Disruptive Muzak. It’s a deliberately worded album title if ever there was one, with an adjective defined by the Oxford English Dictionary as “causing or tending to cause disruption” or “innovative and groundbreaking” prefacing the pleasant, inoffensive connotations of the Muzak Corporation’s eponymous product. There’s truth in this sentiment, though, as anyone who’s ever tried calling Her Majesty’s Revenue and Customs will know: the caller is directed to a piece of hold music in medias res, which continues for as long as it takes a human advisor to respond — occasionally, the music fades altogether, only for a different piece to take its place. The effect is, well, quite disruptive, not only in the sense that one’s day is interrupted with every passing minute of administrative purgatory, but also in that each recognizable piece of music is seemingly mashed through some kind of Stygian filter, heightening the already-prescient annoyance of having to make such a phone call.
Fittingly, the automated voice of HMRC’s helpline sets the first side of Disruptive Muzak in motion, akin to the beginning of an actual phone call to the government’s tax department itself. Sam Kidel (a.k.a. El Kid of Young Echo and Killing Sound) was motivated to create this record as a part of his research into Muzak, for which he found the prerequisite qualities to be “familiar, predictable and non-disruptive” in sound. What followed was a turning of the tables: his composition is expressly designed to undermine and oppose the traditional remit of Muzak. Compared to the company’s licensed playlists, Kidel’s piece is indeed disruptive, a far cry from the Top 40 and lite-indie that might be heard in a shopping mall. In isolation — it is presented as such on the record’s second side — the music has more in common with the austerity and sparseness of laptop music or ambient, transmogrifying from fairly neutral-sounding staccato strokes into elegiac, almost mournful eddies of synthetic piano and electronic processing.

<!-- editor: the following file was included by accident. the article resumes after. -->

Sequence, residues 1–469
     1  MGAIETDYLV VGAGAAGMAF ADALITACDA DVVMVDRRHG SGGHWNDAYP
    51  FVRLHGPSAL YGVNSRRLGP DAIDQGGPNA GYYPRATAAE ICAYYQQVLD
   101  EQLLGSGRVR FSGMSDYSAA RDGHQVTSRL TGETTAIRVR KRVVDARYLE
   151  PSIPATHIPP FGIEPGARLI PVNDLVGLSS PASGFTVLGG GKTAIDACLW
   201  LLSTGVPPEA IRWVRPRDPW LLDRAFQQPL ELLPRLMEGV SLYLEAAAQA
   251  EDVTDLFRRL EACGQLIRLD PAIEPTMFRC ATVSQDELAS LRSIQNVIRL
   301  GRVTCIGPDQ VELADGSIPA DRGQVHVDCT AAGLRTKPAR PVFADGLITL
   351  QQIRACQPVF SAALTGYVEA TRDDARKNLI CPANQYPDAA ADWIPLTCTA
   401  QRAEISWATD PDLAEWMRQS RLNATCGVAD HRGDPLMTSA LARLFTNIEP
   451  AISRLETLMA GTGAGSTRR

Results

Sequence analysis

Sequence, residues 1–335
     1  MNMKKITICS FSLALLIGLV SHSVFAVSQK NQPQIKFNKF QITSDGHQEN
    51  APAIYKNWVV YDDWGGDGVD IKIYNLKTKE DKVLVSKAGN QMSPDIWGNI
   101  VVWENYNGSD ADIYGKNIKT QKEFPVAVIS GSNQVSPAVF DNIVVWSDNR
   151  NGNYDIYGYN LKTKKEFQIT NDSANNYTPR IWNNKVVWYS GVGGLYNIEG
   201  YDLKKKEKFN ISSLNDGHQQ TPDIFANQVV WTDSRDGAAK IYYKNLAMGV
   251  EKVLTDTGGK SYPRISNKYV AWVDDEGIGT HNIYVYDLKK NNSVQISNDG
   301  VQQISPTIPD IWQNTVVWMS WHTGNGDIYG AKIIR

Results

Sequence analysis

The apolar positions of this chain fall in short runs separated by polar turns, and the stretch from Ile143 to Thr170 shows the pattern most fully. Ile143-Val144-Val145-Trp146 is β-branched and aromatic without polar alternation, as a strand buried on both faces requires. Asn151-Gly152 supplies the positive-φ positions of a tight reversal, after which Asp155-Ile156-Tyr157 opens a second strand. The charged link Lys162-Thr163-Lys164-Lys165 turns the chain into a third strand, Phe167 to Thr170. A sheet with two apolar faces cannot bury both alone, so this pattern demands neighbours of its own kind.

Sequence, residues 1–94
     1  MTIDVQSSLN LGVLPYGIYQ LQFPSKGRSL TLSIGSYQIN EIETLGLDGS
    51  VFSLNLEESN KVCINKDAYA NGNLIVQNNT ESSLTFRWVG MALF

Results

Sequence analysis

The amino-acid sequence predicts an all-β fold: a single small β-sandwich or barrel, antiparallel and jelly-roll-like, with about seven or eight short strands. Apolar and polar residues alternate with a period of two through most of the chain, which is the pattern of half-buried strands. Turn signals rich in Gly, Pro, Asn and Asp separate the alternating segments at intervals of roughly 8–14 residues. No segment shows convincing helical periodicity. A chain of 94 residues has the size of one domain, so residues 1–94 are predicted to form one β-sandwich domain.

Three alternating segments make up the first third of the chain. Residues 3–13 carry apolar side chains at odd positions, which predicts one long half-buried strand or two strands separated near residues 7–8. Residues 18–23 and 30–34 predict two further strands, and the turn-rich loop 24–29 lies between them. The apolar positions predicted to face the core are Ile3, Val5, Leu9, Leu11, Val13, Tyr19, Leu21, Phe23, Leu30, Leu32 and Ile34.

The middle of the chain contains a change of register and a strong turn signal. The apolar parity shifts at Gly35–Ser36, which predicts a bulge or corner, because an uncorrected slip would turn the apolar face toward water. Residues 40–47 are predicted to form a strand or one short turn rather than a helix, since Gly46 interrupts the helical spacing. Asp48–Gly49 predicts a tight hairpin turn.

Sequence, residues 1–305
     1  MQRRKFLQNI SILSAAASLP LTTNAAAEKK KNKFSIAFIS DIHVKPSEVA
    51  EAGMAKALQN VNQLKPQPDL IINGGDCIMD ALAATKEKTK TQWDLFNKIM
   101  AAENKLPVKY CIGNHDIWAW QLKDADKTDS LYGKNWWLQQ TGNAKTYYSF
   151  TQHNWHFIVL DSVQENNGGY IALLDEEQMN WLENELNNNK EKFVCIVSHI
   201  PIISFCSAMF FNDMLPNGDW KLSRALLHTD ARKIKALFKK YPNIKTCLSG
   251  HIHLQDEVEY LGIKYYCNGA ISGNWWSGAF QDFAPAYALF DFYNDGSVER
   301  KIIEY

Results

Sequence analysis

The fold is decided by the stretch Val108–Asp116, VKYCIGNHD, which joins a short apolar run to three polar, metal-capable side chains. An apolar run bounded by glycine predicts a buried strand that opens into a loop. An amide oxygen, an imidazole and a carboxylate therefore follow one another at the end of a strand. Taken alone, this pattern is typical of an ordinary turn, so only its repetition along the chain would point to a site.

But Kidel didn’t stop at merely crafting a counterpoint to corporate mood music. Disruptive Muzak is a conceptual gambit, the aforementioned turning of tables from a sonic perspective diffusing into Kidel’s overarching vision for the project; he played his piece to government offices (which, as he points out, all utilize Muzak in their hold queues) through their phone lines and recorded the various responses of the human and non-human agents who were subject to his experiment, pitting the results against the music. It all sounds a bit like an extravagant schoolboy prank, but the careful sequencing of the respondents makes for a very tidy accompaniment to the music — as the piece ebbs and flows, so too does the chorus of confused voices, dial tones, and Skype drop-out sounds.
That the responses mesh so well with the music only serves to intensify them further. HMRC’s automated bot is non-plussed by the opening movement, its algorithm unable to detect the purpose of the call. The real call center workers don’t fare much better, providing an endless litany of desperate “Hello?”s that are heard alongside Kidel’s piece. Some fruitlessly attempt to salvage a conversation, while others hang up almost immediately — there’s a tangible spectrum of reactions to the music, which makes for entertaining listening while knowingly observing the pressures of the job. To this end, the absence of a person on Kidel’s end completely subverts the role of a call center worker. They can’t control or direct the conversation, and are instead led by the music, unable to tell whether they have befallen poor call quality or if their time is simply being wasted (which, of course, it is). This lack of control could be viewed as a comeuppance of sorts — lest we forget that the targets are exclusively departments of government — nevertheless, it’s difficult not to feel a tinge of sympathy, especially in an occupation which already faces its own unique mental and physical distresses.
Two separate moments of Disruptive Muzak stood out to me in particular. In an extremely meta passage, a canned version of Vivaldi’s “Spring” can be heard against the backdrop; it’s undoubtedly the most self-reflexive of all of Kidel’s inclusions, and perhaps epitomizes a prevailing perception about Muzak — familiar sounds are repurposed as an irritation, a roadblock to progress. The other occurs at the very end of the piece, when Ian from the Department for Work and Pensions picks up: having waited for a few seconds, he chuckles and asserts, “you’re having a laugh,” before releasing the call. More than anything, he sounds pissed off, and uncomfortably so. Muzak has had a few storied histories in its time, what with vaporwave’s genesis and, to a lesser extent, Porcupine Tree’s chin-stroking anti-corporate anthem “Sound of Muzak.” You can count Disruptive Muzak as another worthy entry into the conversation about the ever-blurred Muzak/music distinction, one that manifests its titular disruption in ways both subtle and brazen.